If I may be permitted a paraphrase of Anne Baxter's inimitable line as Nefertiri in The Ten Commandments: Oh, Barbra, you stubborn, splendid, adorable fool! (I'll leave it to armchair psychologists to draw any parallels between La Streisand and Moses). Streisand is loved, she is loathed. Admired and disdained. Worshipped and denigrated. Ah, the life of a superstar. Streisand's supposed hubris reached no greater heights than when she did pretty much the equivalent of a one-woman show in Yentl, her 1983 directorial debut which is finally making it to DVD on Region 1. That surfeit of personality is everywhere in evidence in the film, so your reaction will probably solely be based on how you feel about its star and director. As I was watching this DVD, one of my sons wandered by and asked "Is this a scary movie?" Ever the willing granter of a bon mot, I replied, "Barbra Streisand completely in control of everything--you decide!"
Based on a story by famed Jewish author Isaac Bashevis Singer, Yentl takes us back to the halcyon days of the generic Eastern European shtetl, when boys were raised to know the Torah and Talmud backwards and forwards, and girls were expected to cook and clean. Yentl (Streisand) is the daughter of a Talmudic scholar (Nehemiah Persoff) who has quietly broken the rules and taught her the intricacies of dialectic reasoning. When the father dies, Yentl makes the somewhat rash decision to pass as a male and enter a yeshiva, a Jewish house of learning, boys' club style. Along the way she comes under the mentorship of Avigdor (Mandy Patinkin), a burgeoning Talmudic genius who sees Yentl (at least as first) as a replacement for his recently deceased little brother. Avigdor is engaged to Hadass (Amy Irving), setting up a weird sort of romantic triangle as Yentl attempts to continue living life as a male even as she knows she's developing feelings for Avigdor. Along the way we get a proto-feminist slant on Jewish life in days of yore in the "big picture" arena, as well as a more intimate examination of a woman desperately seeking her place in the universe in the "close up" category.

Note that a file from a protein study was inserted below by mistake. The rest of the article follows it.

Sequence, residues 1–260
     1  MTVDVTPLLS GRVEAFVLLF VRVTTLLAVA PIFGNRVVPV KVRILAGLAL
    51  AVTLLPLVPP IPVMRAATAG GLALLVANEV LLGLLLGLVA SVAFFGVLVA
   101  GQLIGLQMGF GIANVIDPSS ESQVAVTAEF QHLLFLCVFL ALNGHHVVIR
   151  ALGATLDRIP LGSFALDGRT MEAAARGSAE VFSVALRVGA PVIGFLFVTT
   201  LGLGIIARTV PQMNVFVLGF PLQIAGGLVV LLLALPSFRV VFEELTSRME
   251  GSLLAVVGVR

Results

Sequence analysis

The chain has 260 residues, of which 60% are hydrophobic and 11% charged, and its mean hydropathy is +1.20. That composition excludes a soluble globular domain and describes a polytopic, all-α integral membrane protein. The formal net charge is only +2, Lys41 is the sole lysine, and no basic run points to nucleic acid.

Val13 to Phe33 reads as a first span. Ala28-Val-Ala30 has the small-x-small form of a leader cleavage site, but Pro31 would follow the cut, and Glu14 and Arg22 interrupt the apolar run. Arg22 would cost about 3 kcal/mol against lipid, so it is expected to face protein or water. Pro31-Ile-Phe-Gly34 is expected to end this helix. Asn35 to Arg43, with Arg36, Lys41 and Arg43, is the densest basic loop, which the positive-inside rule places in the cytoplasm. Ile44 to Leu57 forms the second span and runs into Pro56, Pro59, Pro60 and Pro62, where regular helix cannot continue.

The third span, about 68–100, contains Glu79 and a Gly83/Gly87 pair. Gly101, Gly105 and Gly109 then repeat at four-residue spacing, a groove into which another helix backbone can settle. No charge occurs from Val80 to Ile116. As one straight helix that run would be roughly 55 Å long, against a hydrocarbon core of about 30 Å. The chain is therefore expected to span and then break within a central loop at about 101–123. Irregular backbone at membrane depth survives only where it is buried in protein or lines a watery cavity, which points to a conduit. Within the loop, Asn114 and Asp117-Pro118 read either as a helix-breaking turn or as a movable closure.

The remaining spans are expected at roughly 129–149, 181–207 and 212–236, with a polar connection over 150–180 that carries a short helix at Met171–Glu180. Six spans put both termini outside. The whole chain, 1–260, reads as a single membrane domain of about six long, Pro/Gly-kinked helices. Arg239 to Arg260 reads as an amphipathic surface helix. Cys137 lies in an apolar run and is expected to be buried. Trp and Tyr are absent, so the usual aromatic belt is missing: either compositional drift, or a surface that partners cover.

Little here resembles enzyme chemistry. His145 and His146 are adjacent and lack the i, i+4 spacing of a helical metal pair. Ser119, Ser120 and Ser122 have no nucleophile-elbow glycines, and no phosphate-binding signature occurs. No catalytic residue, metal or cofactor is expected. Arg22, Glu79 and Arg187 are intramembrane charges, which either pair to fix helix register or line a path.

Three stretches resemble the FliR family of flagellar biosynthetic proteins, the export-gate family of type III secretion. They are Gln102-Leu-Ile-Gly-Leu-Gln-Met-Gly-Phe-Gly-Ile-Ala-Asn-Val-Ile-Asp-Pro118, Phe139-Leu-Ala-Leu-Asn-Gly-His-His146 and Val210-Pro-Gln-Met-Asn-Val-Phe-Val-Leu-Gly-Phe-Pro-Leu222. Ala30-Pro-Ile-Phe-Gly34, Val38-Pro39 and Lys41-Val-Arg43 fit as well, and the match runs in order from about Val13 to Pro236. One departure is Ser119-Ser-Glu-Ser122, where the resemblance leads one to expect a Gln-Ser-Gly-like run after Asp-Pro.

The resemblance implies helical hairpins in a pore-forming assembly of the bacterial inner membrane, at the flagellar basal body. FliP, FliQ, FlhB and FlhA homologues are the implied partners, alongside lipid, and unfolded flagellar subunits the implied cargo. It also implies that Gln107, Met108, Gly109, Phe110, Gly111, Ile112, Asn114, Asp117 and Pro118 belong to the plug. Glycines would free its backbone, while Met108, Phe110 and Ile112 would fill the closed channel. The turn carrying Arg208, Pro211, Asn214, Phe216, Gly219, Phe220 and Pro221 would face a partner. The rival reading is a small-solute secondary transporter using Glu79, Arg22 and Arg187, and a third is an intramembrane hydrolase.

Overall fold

Yentl rests squarely on the shoulders of Barbra Streisand, both in front of and behind the camera, and, frankly, whatever your personal opinions of her are, the fact is Yentl, while overlong and, yes, self-indulgent, is a superbly made film. Featuring an elegant (perhaps too elegant, considering the rustic characters) Oscar winning score by Michel Legrand and Marilyn and Alan Bergman, which is sung only by Streisand, Yentl treads a nice middle ground between traditional musicals, where characters just suddenly burst out singing, and the more introspective style that was pioneered a few years earlier by the huge flop Goodbye, Mr. Chips (which I'll be reviewing here soon), where many musical moments are handled as voiceovers, revealing the inner thoughts of characters. Legrand and the Bergmans are simply unparalleled masters of modern song (the Bergmans are my favorite all-time lyricists, bar none, and Legrand certainly places in my top five favorite film composers), but they are inerrantly sophisticated. That may have served Streisand the singer very well (she sounds glorious throughout this film), but it doesn't particularly suit this time frame to a tee.